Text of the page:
The first equality stems from the identity diag (v) 1 = v for any vector v, while the third one stems form the mixed-product property of the Kronecker product. Also, the identity diag (v ⊗ 1) = diag (v) ⊗ I yields the fourth equality. Note that Db is defined as in Prop. 3. Taking into account Eq. (14) and Eq. (15), we reach the dual form stated in Prop. 3. 0 Given that γg,n ∈ {0, 1}, one can easily now recognize that Prob. (7) is an SVM training problem, which can be conveniently solved using software packages such as LIBSVM. After solving it, obviously one can compute the quantities hwb,m , φm (x)iHm , 2 βb and kwb,m kHm , which are required in the next step. Second block minimization: Having optimized over the SVM parameters, one can now optimize the cost function of Prob. (6) with respect to the MKL parameters θ b as a single block using the closed-form solution mentioned in Prop. 2 of [21] for p > 1 and which is given next.

Algorithm 1 Optimization of Prob. (6) Input: Bit Length B, Training Samples X containing labeled or unlabled data. Output: ω. 1. Initialize ω. 2. While Not Converged 3. For each bit 0 4. γg,n ← Eq. (5). 5. Step 1: wb,m ← Eq. (7). 6. βb ← Eq. (7). 7. Step 2: Compute kwb,m k2Hm . 8. θb,m ← Eq. (16). 9. Step 3: µg,b ← Eq. (17). 10. End For 11. End While 12. Output ω.

2

θb,m =  P

p+1 kwb,m kH m

m0

2p p+1

 p1 , m ∈ NM , b ∈ NB .

(16)

kwb,m0 kHm0

Third block minimization: Finally, one can now optimize the cost function of Prob. (6) with respect to the codewords by mere substitution as shown below. inf

µg,b ∈H

X

γg,n [1 − µg,b fb (xn )]+ g ∈ NG , b ∈ NB

(17)

n

On balance, as summarized in Algorithm 1, for each bit, the combined MM/BCD algorithm consists of one SVM optimization step, and two fast steps to optimize the MKL coefficients and codewords respectively. Once all model parameters ω have been computed in this fashion, their values become the current estimate (i.e., ω 0 ← ω ), the γg,n ’s are accordingly updated and the algorithm continues to iterate until convergence is established1 . Based on LIBSVM, which provides O(N 3 ) complexity [26], our algorithm offers the complexity O(BN 3 ) per iteration , where B is the code length and N is the number of instances.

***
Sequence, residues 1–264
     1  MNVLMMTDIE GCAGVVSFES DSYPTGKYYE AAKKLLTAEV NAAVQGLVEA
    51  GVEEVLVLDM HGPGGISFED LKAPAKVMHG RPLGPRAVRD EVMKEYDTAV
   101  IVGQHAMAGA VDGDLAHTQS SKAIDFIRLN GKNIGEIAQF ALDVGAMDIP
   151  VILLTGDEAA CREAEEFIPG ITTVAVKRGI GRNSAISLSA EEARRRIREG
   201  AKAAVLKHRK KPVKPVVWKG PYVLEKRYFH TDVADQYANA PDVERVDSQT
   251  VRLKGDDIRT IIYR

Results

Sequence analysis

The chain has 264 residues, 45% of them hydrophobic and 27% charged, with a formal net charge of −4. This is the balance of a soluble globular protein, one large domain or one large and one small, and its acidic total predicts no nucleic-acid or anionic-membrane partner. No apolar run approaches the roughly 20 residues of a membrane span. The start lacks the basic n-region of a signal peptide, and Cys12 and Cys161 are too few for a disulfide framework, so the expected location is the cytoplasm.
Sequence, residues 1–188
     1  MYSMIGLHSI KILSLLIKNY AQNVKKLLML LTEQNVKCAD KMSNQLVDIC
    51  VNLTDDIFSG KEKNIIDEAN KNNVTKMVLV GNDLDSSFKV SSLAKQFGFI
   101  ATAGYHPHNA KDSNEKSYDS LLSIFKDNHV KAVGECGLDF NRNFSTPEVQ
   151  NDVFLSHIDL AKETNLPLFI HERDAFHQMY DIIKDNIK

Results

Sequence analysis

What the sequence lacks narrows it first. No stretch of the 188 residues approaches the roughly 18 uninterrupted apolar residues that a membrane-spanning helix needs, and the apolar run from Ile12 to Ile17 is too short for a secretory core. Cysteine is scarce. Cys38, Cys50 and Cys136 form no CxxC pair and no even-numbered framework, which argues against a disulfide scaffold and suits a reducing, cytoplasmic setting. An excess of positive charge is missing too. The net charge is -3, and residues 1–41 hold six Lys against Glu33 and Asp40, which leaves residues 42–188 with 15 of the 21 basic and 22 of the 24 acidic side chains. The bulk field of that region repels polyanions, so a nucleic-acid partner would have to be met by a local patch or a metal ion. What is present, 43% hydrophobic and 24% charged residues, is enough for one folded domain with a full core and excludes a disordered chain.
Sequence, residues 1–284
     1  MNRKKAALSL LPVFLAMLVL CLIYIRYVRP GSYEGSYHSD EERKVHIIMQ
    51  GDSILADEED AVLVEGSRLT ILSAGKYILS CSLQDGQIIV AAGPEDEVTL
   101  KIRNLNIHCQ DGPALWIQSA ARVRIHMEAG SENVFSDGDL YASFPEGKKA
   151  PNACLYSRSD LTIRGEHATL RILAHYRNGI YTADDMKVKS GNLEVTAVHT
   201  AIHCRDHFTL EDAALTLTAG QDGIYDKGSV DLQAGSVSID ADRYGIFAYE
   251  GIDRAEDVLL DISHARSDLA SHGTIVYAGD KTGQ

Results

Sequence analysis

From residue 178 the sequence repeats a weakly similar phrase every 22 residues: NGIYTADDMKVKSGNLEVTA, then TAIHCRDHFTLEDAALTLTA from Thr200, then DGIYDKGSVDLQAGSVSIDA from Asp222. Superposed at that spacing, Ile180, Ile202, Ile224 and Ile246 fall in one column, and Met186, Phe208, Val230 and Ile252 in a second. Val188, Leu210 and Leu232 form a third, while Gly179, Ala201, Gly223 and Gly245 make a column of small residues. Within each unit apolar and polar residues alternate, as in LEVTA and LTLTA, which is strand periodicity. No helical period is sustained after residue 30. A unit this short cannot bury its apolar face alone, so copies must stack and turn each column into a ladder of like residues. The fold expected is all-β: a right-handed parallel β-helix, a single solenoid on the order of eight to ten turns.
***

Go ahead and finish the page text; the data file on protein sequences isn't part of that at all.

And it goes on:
4

Insights to Generalization Performance

The superior performance of *SHL over other state-of-the-art hash function learning approaches featured in the next section can be explained to some extend by noticing that *SHL training attempts to minimize the normalized (by B) expected Hamming distance 1

A MATLABr implementation of our framework is available at https://github.com/yinjiehuang/StarSHL

of a labeled sample to the correct codeword, which is demonstarted next. We constrain ourselves to the case, where the training set consists only of labeled samples (i.e., N = NL , NU = 0) and, for reasons of convenience, to a single-kernel learning scenario, where each code bit is associated to its own feature space Hb with corresponding kernel function kb . Also, due to space limitations, we provide the next result without proof. Lemma 1. Let X be an arbitrary set, F , {f : x 7→ f (x) ∈ RB , x ∈ X }, Ψ : RB → R be L-Lipschitz continuous w.r.t k·k1 , then ˆ N (Ψ ◦ F) ≤ L< ˆ N (kFk ) < 1

(18)

 P ˆ N (G) , 1 Eσ sup where ◦ stands for function composition, < g∈G n σn g(xn , ln ) N is the empirical Rademacher complexity of a set G of functions, {xn , ln } are i.i.d. samples and σn are i.i.d random variables taking values with P r{σn = ±1} = 21 . To show the main theoretical result of our paper with the help of the previous lemma, we will consider the sets of functions F¯ ,{f : x 7→ [f1 (x), ..., fB (x)]T , fb ∈ Fb , b ∈ NB }

(19)

Fb ,{fb : x 7→ hwb , φb (x)iHb + βb , βb ∈ R s.t. |βb | ≤ Mb , wb ∈ Hb s.t. kwb kHb ≤ Rb , b ∈ NB }

(20)

0 2 0 Theorem 1. Assume reproducing kernels of {Hb }B b=1 s.t. kb (x, x ) ≤ r , ∀x, x ∈ X . G B ¯ Then for a fixed value of ρ > 0, for any f ∈ F, any {µl }l=1 , µl ∈ H and any δ > 0, with probability 1 − δ, it holds that:

s 2r X √ er (f , µl ) ≤ er ˆ (f , µl ) + Rb + ρB N b

log 1δ 2N

 (21)

where er (f , µl ) , B1 E{d (sgn (f (x), µl ))}, l ∈ NG is thentrue label X, n of x ∈oo P 1 u er ˆ (f , µl ) , N B n,b Qρ (fb (xn )µln ,b ), where Qρ (u) , min 1, max 0, 1 − ρ . Proof. Notice that 1 1 X 1 X d (sgn (f (x), µl )) = [fb (x)µl,b < 0] ≤ Qρ (fb (x)µl,b ) B B B b b ( )   1 1 X ⇒E d (sgn (f (x), µl )) ≤ E Qρ (fb (x)µl,b ) (22) B B b

Consider the set of functions

Ψ , {ψ : (x, l) 7→

1 X ¯ µl,b ∈ {±1}, l ∈ NG , b ∈ NB } Qρ (fb (x)µl,b ) , f ∈ F, B b

Then from Theorem 3.1 of [27] and Eq. (22), ∀ψ ∈ Ψ , ∃δ > 0, with probability at least 1 − δ, we have: s er (f , µl ) ≤ er ˆ (f , µl ) + 2